Ryerson University has publicly apologized to the mayor of Niagara Falls, Jim Diodati, for a student film made in connection with the School of Image Arts.

The four-minute documentary questions whether the city’s image of being a glamorous tourist destination is an accurate portrayal of the realities of everyday life in Niagara Falls.

The film “As Niagara Falls” frames itself on Vimeo as “a short documentary about Niagara Falls’ image to the world, and what truly lies within the city.” The video now has over 33,000 views on Vimeo.

A scene from the short documentary, As Niagara Falls. (Courtesy Mayday Pictures)

The short-film was created by Ryerson students Christian Bunea, Taylor Ness, Valentin Bacalu and Justin Diezmo.

The Ryerson logo was displayed at the end of the original cut of the film, in addition to Ryerson’s School of Image Arts, which has since been republished independently.

“The opinions expressed in this film by some of our junior students do not represent the opinions of Ryerson University or the School of Image Arts,” Ryerson president Mohamed Lachemi wrote, according to an article written by Niagara Falls Review. “We will be asking them to remove the Ryerson University logo from their documentary.

“We do apologize for any negative feelings generated by their work,” he wrote.

Mayday Pictures, the production company of student filmmakers at Ryerson who produced the film, has responded on Facebook, writing: “‘As Niagara Falls’ is a student film intended to spark a conversation about attributes of the city that need attention. The reach and publicity following it is the true statement we aimed to portray. Many have shared the film because they stand beside the problems addressed and agree that it needed to be talked about. If this was not an issue the city was facing, then the film wouldn’t have received the attention it has.”

The post added that, “We stand by the film’s message and intent aimed for people of the city to share their opinions, experiences and input to make Niagara Falls everything they wish it was. If change and progress for the city is the outcome of this situation, then this film has done its job.”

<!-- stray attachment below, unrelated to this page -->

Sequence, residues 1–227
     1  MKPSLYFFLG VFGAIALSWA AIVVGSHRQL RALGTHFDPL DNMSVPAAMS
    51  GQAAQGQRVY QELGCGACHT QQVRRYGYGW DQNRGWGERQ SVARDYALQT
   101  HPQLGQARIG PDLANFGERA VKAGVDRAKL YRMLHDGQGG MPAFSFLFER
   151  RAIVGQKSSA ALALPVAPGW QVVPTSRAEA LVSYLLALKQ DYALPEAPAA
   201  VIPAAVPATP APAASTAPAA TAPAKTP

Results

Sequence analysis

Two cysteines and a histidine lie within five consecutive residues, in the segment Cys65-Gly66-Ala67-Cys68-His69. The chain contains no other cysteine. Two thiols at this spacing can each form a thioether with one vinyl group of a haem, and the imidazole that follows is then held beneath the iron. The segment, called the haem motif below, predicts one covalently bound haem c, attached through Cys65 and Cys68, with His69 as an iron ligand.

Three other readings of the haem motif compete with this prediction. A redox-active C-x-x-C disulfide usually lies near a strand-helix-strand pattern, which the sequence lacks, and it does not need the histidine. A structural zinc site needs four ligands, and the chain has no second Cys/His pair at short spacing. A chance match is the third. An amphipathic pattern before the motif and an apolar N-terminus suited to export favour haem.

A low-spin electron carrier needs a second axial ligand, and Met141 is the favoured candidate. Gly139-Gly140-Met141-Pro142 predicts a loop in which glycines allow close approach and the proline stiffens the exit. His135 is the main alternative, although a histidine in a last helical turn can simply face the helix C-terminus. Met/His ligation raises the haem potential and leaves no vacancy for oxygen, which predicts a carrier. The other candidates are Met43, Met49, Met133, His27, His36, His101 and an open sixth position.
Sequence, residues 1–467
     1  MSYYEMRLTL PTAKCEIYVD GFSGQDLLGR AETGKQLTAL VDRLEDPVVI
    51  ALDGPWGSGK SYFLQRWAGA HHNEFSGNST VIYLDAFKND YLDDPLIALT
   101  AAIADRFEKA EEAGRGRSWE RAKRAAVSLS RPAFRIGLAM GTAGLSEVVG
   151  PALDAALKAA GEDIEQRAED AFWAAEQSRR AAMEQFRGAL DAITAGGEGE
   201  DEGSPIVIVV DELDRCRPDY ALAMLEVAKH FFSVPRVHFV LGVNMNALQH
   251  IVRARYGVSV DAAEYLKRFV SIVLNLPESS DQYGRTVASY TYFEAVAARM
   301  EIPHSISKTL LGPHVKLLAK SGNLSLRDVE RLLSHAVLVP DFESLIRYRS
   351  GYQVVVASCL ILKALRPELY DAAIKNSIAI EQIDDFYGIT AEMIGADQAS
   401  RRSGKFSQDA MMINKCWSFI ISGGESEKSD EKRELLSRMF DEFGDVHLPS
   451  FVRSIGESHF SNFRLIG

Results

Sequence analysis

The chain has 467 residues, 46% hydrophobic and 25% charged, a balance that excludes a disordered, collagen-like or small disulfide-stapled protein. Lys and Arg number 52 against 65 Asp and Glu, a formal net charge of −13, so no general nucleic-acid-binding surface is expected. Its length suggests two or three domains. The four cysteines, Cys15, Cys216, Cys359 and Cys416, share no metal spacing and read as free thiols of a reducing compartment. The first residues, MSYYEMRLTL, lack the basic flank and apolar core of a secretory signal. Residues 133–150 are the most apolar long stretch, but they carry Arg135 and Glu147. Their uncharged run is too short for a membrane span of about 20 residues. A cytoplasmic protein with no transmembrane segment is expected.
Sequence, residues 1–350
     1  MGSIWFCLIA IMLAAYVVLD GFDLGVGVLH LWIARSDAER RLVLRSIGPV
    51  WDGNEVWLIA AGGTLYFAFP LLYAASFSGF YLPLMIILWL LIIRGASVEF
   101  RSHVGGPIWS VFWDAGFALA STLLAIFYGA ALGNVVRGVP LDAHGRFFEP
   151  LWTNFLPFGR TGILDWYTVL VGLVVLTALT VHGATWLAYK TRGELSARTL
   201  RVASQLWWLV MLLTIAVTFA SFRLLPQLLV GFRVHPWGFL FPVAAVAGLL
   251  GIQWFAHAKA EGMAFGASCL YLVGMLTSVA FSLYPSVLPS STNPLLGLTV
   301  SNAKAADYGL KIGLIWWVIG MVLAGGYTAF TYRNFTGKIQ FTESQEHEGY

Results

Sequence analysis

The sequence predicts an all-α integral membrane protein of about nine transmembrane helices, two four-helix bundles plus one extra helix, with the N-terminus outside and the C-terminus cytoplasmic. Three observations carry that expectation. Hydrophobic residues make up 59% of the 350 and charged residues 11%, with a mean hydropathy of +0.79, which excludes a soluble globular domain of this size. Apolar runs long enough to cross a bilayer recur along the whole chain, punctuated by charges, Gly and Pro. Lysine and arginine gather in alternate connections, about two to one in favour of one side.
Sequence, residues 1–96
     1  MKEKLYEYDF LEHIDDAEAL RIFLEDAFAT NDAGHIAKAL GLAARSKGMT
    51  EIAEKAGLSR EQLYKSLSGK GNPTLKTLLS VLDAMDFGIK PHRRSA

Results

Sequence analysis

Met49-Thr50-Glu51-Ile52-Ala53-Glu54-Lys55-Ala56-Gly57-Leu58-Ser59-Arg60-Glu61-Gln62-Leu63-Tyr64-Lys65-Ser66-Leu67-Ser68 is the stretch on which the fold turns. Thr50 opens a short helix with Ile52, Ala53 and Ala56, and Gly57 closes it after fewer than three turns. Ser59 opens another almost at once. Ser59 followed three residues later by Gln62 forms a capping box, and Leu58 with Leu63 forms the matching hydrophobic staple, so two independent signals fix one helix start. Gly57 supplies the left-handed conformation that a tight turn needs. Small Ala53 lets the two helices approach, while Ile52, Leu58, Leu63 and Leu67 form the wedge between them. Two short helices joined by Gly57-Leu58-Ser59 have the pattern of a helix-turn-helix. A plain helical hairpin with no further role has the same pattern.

A comment on the video written by Matthew Welke said, “The mayor’s response to the video, where he claims that it’s inaccurate because there are nice areas too, doesn’t surprise me. That kind of attitude infects the city, and the entire region there. There is a massive socioeconomic problem there and people are really struggling. But the leadership doesn’t seem interested in acknowledging it, let alone fixing it. The reaction this video got is a perfect example of why it’s so important for videos like this to be made.”

An account named “Benque Getaway,” which was created shortly before the time of this article’s publication and follows the student production company who made the film, wrote, “This is an extremely accurate depiction of Niagara Falls.”

‘Benque Getaway’ added that, “Having lived there for 10 years and managed numerous multi-million dollar projects, the city was plagued by extreme corruption.”

In the story written by arts and entertainment writer John Law at Niagara Falls Review, Mayor Diodati said that the dialogue the film has created has been useful.

“Some people are downright negative and cynical, and they probably always will be, but I do really appreciate constructive criticism,” he said.

Antonio Amodeo wrote on Vimeo that, “We should be applauding these students, their content has struck a chord with its viewers — there’s definitely a conversation to be had here. You know you’ve hit a nerve when the mayor of the city feels compelled to write a defensive response.”